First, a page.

The world’s tourism sector could lose at least $1.2 trillion or 1.5 percent of the world GDP, having been placed at a standstill for nearly four months due to the coronavirus pandemic, UNCTAD said in a report published on Wednesday.
The UN trade and development body warned that the loss could rise to $2.2 trillion or 2.8 percent of the world’s GDP if the break in international tourism lasts for eight months, in line with the expected decline in tourism as projected by the UN World Tourism Organization (UNWTO).UNCTAD estimates losses in the most pessimistic scenario, a 12-month break in international tourism, at $3.3 trillion or 4.2 percent of global GDP.
Tourism is a backbone of many countries’ economies and a lifeline for millions of people around the world, having more than tripled in value from $490 billion to $1.6 trillion in the last 20 years, according to UNWTO.
But COVID-19 has brought it to a halt, causing severe economic consequences globally.
Prevailing lockdown measures in some countries, travel restrictions, reductions in consumers’ disposable income and low confidence levels could significantly slow down the sector’s recovery.
Developing countries could suffer the steepest GDP losses while rich nations will also feel the squeeze.
Popular European and North American destinations, including France, Greece, Italy, Portugal, Spain and the United States could lose billions of dollars due to the dramatic drop in international tourism, according to UNCTAD forecasts.UNCTAD therefore estimates that for every $1 million lost in international tourism revenue, a country’s national income could decline by $2 million to $3 million.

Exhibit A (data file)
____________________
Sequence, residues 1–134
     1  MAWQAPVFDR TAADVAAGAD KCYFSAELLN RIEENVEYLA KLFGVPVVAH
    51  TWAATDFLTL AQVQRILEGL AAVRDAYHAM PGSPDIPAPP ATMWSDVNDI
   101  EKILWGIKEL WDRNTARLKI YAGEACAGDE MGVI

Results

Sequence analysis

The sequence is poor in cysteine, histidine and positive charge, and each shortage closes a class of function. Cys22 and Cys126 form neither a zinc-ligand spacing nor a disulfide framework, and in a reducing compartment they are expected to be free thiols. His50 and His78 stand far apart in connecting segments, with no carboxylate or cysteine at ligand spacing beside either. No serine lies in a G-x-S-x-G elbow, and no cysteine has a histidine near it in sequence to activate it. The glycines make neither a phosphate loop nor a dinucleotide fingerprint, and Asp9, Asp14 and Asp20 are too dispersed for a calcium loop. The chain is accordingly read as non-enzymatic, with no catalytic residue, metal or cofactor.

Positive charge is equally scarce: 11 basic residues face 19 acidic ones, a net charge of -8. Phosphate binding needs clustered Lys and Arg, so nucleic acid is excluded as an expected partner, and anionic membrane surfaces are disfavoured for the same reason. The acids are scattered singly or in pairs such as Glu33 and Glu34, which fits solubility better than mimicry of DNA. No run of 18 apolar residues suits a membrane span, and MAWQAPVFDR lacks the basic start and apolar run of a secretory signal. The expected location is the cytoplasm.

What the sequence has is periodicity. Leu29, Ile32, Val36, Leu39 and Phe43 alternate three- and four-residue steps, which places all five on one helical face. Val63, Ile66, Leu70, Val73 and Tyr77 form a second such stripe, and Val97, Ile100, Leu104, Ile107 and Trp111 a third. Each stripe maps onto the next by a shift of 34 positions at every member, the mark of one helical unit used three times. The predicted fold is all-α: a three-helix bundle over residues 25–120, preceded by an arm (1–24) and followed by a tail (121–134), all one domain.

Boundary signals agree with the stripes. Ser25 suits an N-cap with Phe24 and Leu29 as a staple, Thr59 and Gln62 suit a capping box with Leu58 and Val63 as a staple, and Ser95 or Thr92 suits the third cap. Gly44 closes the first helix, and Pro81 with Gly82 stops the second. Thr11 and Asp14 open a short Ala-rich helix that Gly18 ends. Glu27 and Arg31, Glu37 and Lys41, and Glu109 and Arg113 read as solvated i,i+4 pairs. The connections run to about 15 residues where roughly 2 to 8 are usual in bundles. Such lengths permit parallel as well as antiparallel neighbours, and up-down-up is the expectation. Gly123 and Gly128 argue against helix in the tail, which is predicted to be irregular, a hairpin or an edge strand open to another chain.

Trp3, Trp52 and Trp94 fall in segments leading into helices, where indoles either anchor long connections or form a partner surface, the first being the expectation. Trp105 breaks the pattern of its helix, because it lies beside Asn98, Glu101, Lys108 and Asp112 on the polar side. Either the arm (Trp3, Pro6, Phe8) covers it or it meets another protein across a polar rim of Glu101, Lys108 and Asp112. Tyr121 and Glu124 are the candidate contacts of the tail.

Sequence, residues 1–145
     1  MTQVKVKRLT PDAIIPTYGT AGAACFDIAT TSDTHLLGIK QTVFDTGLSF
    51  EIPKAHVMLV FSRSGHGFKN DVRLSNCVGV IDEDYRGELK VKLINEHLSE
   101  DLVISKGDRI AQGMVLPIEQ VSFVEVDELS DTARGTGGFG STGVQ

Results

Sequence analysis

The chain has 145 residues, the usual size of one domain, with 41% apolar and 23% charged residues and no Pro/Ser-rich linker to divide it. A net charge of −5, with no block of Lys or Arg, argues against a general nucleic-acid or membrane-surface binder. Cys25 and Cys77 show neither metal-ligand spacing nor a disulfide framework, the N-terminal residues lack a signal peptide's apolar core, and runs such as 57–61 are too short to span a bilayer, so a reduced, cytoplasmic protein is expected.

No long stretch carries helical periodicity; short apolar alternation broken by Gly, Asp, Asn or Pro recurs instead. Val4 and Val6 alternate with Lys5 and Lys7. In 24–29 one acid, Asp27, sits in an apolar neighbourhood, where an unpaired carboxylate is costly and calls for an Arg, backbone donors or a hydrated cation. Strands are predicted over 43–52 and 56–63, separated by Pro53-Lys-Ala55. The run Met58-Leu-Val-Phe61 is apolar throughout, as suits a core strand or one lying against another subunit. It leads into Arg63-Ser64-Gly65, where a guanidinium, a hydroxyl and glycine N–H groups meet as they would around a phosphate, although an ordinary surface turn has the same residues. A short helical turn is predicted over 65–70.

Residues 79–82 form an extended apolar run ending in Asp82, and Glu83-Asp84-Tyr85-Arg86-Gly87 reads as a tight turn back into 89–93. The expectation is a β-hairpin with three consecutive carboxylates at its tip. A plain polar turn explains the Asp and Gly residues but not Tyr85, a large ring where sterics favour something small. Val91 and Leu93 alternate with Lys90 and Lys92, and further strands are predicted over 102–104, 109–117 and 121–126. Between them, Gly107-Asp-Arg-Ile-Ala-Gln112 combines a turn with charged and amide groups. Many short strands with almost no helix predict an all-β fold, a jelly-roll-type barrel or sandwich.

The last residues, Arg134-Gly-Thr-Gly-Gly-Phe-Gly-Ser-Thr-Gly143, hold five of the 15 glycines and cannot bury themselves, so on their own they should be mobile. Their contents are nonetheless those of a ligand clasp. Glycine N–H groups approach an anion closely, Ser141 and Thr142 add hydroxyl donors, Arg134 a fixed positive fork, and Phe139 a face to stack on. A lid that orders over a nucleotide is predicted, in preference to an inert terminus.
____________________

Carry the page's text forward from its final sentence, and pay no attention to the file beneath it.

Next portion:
The massive fall in tourist arrivals has also left a growing number of skilled and unskilled workers unemployed or with less income.
The effects could be particularly negative for women, who are expected to be disproportionately affected by layoffs in tourism due to COVID-19, according to the report.
Women are more likely than men to be entrepreneurs in tourism and make up about 54 percent of the workers in the accommodation and food services sectors.
UNCTAD calls for strengthened social protection in the affected nations to prevent the worst economic hardship for people and communities that depend on tourism.
It urges governments to protect workers. Where some enterprises are unlikely to recover, wage subsidies should be designed to help workers move to new industries.
Governments should also assist tourism enterprises facing the risk of bankruptcy, such as hotels and airlines. One approach for financial relief is low-interest loans or grants, the report states.
In addition, UNCTAD calls on the international community to support access to funding for the hardest-hit countries.